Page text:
Building the Value of Your Business
Caught up in the day-to-day operations of your business, you may not be thinking about how much your company could be worth when the time comes for a transition. But the choices you make now, both large and small, can add to or detract from the future value of the company.
There are many ways for a company to grow, including entering new markets, developing new products, acquiring complementary businesses, hiring more employees, and increasing sales and marketing expenditures. You can grow the business rapidly by tapping into outside financing or more slowly by using the company’s own revenue. With so many strategies to consider, you may want to develop a long-term plan to guide the growth of your business.
Your decision regarding the ultimate disposition of the company may influence many aspects of your current business strategies, including your form of business ownership. You may want to consider a C corporation structure for a business that may go public or an S corporation structure if a private sale is planned. Be sure to consult with your tax and legal advisors about the implications of each form of business ownership.
To begin, work on building and maintaining your company’s transferable assets. These may include tangibles like property and equipment, as well as intangibles, including a customer base, brand recognition, and business processes. Depending on the type of business you operate, your intangible assets, such as copyrights or trademarks, proprietary lists of customers or prospects, and long-term contracts, may have substantial value at the time of transition. An attractive location can also add on value beyond an owner’s equity.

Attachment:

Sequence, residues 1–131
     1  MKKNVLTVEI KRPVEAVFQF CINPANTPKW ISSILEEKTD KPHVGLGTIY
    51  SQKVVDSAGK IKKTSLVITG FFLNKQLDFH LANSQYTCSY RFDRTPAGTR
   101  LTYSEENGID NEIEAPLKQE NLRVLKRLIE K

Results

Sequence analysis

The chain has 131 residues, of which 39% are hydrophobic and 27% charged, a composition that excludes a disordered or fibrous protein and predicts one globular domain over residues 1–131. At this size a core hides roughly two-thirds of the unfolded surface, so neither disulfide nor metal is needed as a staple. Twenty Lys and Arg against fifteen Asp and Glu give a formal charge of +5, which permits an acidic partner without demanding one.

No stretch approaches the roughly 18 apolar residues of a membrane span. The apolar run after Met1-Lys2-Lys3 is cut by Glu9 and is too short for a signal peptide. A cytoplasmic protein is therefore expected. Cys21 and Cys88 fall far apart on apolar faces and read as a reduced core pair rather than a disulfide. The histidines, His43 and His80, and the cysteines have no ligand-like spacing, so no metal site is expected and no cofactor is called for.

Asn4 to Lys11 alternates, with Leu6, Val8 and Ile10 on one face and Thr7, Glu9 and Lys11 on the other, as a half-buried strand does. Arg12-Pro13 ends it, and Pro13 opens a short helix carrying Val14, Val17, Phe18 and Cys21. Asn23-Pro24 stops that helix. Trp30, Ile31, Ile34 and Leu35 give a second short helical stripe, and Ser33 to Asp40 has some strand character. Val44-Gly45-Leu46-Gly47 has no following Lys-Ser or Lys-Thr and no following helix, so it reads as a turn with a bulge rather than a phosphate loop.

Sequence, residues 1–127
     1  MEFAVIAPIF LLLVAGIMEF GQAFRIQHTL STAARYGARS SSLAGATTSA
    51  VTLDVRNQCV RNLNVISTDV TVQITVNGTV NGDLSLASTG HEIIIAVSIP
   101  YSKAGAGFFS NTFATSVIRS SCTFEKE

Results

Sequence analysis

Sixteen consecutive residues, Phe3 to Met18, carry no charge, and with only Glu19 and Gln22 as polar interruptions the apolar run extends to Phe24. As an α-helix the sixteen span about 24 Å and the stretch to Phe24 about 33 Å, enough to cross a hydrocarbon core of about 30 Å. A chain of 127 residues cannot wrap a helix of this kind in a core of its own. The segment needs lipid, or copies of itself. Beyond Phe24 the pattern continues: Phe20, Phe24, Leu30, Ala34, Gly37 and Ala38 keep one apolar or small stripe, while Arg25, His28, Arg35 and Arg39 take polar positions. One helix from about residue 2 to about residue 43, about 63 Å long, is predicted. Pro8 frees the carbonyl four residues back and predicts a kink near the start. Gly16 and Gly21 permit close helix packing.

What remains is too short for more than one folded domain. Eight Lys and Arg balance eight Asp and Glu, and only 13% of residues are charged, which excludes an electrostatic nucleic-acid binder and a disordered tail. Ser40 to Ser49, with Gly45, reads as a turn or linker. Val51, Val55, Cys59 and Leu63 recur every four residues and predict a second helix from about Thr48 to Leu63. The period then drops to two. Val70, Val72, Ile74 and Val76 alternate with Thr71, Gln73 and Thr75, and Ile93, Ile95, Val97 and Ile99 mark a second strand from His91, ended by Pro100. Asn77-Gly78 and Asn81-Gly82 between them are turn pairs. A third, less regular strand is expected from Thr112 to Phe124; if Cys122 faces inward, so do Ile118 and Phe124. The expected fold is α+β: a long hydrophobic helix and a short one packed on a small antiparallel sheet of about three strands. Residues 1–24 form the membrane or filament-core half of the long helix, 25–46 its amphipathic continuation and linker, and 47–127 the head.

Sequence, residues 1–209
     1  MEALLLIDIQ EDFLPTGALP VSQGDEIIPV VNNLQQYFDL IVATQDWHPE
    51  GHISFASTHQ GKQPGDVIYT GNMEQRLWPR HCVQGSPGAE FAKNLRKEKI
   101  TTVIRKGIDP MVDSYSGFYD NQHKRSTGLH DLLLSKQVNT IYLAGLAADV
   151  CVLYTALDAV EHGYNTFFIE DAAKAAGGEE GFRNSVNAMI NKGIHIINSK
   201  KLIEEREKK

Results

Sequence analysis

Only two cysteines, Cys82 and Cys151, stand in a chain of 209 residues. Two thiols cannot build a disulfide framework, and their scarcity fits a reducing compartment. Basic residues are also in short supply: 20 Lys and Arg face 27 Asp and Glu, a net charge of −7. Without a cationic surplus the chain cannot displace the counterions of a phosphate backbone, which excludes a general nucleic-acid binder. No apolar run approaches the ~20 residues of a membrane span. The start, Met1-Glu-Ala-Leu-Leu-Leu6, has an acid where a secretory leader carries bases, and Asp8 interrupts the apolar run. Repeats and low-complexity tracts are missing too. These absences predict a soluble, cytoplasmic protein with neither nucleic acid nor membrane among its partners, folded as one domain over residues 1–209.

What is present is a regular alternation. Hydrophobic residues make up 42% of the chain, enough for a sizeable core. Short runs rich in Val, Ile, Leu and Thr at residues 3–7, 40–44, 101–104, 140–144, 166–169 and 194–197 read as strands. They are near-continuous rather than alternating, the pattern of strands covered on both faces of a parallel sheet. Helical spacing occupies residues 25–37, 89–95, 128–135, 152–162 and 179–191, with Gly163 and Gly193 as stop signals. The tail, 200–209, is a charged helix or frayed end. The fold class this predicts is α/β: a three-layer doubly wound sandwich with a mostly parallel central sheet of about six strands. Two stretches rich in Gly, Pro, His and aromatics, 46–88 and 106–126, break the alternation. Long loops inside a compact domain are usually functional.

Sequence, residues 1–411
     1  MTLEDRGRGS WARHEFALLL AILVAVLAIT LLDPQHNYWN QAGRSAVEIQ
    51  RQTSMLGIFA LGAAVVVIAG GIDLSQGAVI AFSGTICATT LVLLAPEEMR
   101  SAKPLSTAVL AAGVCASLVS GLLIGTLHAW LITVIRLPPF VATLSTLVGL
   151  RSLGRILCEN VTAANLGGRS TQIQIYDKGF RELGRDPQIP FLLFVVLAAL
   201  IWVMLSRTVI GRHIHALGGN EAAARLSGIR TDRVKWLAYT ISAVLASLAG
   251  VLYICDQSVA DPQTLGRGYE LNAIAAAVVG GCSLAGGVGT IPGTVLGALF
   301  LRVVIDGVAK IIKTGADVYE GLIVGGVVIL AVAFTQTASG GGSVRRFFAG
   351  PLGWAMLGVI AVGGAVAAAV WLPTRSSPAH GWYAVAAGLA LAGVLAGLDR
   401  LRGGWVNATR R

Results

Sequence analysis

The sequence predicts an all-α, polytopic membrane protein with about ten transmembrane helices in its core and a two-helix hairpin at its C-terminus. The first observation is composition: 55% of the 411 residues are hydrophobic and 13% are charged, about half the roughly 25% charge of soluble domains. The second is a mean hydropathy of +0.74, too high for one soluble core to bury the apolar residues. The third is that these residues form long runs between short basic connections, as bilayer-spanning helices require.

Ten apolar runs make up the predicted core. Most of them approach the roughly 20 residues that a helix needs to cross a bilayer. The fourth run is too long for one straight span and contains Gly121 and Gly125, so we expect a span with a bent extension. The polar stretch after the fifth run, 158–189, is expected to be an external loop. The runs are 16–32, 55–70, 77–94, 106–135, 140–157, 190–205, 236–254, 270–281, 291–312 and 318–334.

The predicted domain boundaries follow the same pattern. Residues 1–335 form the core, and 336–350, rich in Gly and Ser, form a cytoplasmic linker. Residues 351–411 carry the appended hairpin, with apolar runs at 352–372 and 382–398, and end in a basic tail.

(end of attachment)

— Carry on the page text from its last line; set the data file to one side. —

Companies also derive intangible benefits from a strong management team with the knowledge and connections required to maintain the business after the owner retires. In many cases, having a skilled and loyal workforce may also be considered a transferable asset in a sale.
When growing your business, strive to establish a self-sustaining enterprise with steady revenue growth. The financial performance of a company is often measured by its free cash flow, or the cash that it generates before interest, taxes, depreciation, and amortization, less capital expenditures. In assessing the value of the company, a buyer may, for example, project a company’s earnings over the next five years based on the current cash flow. This projection will take into account any outstanding debt, as well as whether revenue growth and margins demonstrate a history of consistent growth.
Businesses are often more efficient when they focus on their core competencies, rather than diversifying too broadly. So, if your company has product lines or offers services not closely aligned with the firm’s core business, consider whether these areas are profitable or represent a drag on the company’s resources. Selling off non-core assets may provide funds to help pay off debt.
You may also want to restructure agreements or contracts that may be objectionable to a potential buyer, such as a long-term lease, licensing contracts, employment contracts, and loan agreements. Long-term leases may be an asset provided the terms are favorable, the location is suitable, and the size is right.
If, however, the company is likely to outgrow its facilities before the lease is up, or if potential buyers want to move the firm’s operations, a short-term lease may be more appropriate. Or, you may seek to formalize certain verbal agreements to ensure the company’s relationships with key customers or suppliers continue after the transition.
For a detailed analysis of your company’s value, contact us at Fortress Business Advisory. Even if you have no immediate plans to leave the company, an estimate can help you identify ways to maximize the value of the business in preparation for a future exit strategy.
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